Readers asking for vehicle noise inspections and new helmet law

LAWMAKERS, DO I HEAR DECIBEL INSPECTIONS? Ann P. Boland emails, “We have to have our vehicles inspected regularly for polluting emissions, and that is fine as far as it goes. But one source of pollution, noise, does not seem to be of concern to the authorities. I am an 80-year-old widow living in a retirement community next to Juan Tabo and a block from Montgomery. My sleep and daytime peace are constantly battered by unnecessary noise from extra-loud vehicles such as motorcycles and un-muffled cars and trucks. Racing seems to be the hobby of immature drivers, as well as revving of motors.

“Why can’t there be inspection of the decibel levels of vehicles as we get other pollution sources inspected? It would certainly cut down on aggravation and thereby improve mental health.”

Why indeed. New Mexico does not require vehicle inspections for registration; only Bernalillo County requires an emissions inspection — on vehicles including hybrids 1987 and newer — every two years.

OR HELMET REQUIREMENT? Eileen also has a request for lawmakers. “Thanks for your article (Aug. 9) highlighting how unsafe it is right now for motorcyclists. Is the state Legislature or the city considering a helmet law?”

In New Mexico law currently says, “Persons under the age of 18 must wear a safety helmet when operating or riding on a motorcycle or all-terrain vehicle (ATV).” No word on anyone moving to expand that.

CAN’T GO STRAIGHT AT I-40/SIXTH: Wally says in an email the westbound off-ramp roadside sign and pavement are out of sync, with the sign saying the right lane allows turns and through traffic while the reality is you must turn right or hit a median.

Kimberly Gallegos, who handles information for the New Mexico Department of Transportation’s District 3 Albuquerque office, “passed this one on to our sign crew, so they can replace the white sign the reader mentioned.”

TRAMWAY STOP BACK IN THE DARK: Earlier this year, Judy and Tom Christopher emailed “we pass through (the Tramway Boulevard and Tramway Road) intersection every time we leave our neighborhood. It’s been a dangerous one, for decades, as the north- and southbound cars frequently approach it at speeds pushing 60 mph — the posted speed limit is 50 mph — and the stop signs are standard size.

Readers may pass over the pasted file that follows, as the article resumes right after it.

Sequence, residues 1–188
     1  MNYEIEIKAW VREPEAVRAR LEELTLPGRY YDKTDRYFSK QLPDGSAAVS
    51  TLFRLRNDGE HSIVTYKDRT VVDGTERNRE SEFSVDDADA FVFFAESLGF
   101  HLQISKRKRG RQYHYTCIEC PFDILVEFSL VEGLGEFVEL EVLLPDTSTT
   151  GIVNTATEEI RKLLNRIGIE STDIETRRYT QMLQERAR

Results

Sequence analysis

“Those drivers coming down hill from the east have a posted speed limit of 35. At one time the stop signs for both north- and southbound drivers flashed with illumination, at night, alerting drivers of the approaching stop. It’s been several months since those ceased.”

Gallegos says “NMDOT had placed the stop signs with inlaid lights as a test of the product. They had been there for quite a while, and then a crash occurred in the area and the signs were damaged, so just the regular stop signs were installed back at that intersection. (The lighted signs) were a test product and have not been placed on NMDOT’s inventory list.”

However, “DOT has done an extensive evaluation of that intersection and installed enhanced signing to alert the traffic to the presence of the stop condition and to address the speeding issue. We will look into the possibility of adding some STOP AHEAD pavement markings.”

Editorial page editor D’Val Westphal tackles commuter issues for the metro area on Mondays. Reach her at 823-3858;; or 7777 Jefferson NE, Albuquerque, NM, 87109.

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